Worth of All Persons: This principle emphasizes that all individuals have equal and inestimable worth in the eyes of God. It affirms the inherent dignity and value of every person, regardless of gender. Upholding this principle requires challenging unjust systems, including gender-based discrimination, and actively working to restore the worth of all individuals, including women, in the church and society.


All Are Called: This principle underscores the belief that God graces everyone with gifts and opportunities to contribute to the community and fulfill God’s purposes. It acknowledges that both men and women are called to discipleship and ministry in the church, and emphasizes that everyone, regardless of gender, is called to participate in God’s work. The ordination of women aligns with this principle and reflects a faithful response to God’s call, guided by the Holy Spirit, and fosters a community where all members can fully contribute and participate in fulfilling God’s purposes.

Brief History of Women in Priesthood

Since the earliest days of the Restoration movement, Joseph Smith Jr. advocated for free expression and the common consent process in making church decisions. Although the early church practices reflected this ethos, by the mid-Nauvoo period, ecclesiastical elite rule emerged.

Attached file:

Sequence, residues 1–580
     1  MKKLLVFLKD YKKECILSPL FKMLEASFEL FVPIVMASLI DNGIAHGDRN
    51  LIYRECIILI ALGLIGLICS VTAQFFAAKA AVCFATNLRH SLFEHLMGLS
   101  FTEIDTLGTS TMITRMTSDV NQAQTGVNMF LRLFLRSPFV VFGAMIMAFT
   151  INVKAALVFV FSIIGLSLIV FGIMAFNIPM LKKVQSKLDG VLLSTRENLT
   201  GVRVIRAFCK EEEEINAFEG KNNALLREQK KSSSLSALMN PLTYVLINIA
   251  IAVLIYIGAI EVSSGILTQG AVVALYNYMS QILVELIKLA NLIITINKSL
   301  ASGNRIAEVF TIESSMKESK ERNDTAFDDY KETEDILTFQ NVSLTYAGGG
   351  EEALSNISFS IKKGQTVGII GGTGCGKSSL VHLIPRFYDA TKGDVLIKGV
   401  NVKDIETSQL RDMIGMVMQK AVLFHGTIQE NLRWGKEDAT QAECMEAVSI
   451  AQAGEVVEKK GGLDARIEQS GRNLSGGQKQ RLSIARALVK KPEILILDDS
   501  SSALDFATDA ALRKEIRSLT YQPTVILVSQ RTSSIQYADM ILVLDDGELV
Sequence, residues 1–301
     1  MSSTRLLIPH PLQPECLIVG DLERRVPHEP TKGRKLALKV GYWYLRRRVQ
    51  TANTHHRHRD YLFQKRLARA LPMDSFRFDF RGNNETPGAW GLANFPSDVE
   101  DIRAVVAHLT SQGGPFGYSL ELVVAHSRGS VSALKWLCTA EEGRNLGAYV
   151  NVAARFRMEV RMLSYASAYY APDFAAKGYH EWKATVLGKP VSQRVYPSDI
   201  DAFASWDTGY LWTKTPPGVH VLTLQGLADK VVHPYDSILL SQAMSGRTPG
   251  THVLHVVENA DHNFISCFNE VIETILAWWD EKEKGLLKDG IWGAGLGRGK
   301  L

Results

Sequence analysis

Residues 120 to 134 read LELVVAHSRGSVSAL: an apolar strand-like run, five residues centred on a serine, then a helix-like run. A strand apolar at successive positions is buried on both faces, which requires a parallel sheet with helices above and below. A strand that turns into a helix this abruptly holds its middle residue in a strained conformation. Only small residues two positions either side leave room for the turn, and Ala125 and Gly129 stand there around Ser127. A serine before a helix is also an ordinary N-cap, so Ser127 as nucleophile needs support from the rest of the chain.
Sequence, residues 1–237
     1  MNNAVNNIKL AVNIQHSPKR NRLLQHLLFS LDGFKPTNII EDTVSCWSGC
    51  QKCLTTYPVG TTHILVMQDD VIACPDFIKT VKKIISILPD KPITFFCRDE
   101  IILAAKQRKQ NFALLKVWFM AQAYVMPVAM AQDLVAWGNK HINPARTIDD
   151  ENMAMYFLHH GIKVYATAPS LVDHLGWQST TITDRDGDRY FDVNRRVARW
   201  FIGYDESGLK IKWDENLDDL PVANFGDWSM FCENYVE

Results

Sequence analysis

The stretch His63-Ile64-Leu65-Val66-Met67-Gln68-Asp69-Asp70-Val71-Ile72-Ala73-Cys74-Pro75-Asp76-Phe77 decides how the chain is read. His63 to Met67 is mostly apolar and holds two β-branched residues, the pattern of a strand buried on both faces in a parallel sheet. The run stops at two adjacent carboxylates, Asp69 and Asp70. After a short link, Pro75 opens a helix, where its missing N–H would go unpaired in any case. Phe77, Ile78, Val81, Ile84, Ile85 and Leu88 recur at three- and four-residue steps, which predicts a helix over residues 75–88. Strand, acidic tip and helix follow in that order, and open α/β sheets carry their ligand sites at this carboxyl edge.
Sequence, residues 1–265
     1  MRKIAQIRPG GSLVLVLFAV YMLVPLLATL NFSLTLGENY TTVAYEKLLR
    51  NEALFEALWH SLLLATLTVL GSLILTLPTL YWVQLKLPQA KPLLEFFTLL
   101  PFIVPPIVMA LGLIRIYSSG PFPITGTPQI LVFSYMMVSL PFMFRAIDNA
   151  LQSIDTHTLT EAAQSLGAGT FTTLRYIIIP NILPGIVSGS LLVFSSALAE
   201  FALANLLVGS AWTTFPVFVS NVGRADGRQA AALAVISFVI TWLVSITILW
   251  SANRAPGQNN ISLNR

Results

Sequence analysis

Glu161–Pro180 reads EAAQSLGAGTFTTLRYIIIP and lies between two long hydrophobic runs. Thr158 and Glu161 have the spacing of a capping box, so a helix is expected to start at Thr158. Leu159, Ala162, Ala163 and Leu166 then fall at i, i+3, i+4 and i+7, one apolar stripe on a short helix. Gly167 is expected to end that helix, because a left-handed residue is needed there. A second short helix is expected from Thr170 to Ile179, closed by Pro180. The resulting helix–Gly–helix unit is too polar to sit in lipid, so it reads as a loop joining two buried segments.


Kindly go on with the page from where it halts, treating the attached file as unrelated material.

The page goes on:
Community of Christ (formerly RLDS) learned much from the Nauvoo period and prioritized common consent, eventually leading to women’s enfranchisement gaining voting rights at the local congregation in 1864, and General Conference in 1868. This allowed women to play significant roles in church governance. Women’s groups like the Society of Gleaners and Sisters of Dorcas emerged, supporting church activities and missions. Marietta Walker’s initiatives, including Zion’s Hope and the Women’s Home Column, fostered communication and unity among women. Despite differing opinions on gender roles, women increasingly impacted church life positively, leading to the formation of the General Council of Women in 1934 under President Frederick M. Smith. This council empowered women, fostering community and resourcefulness toward furthering the church’s mission.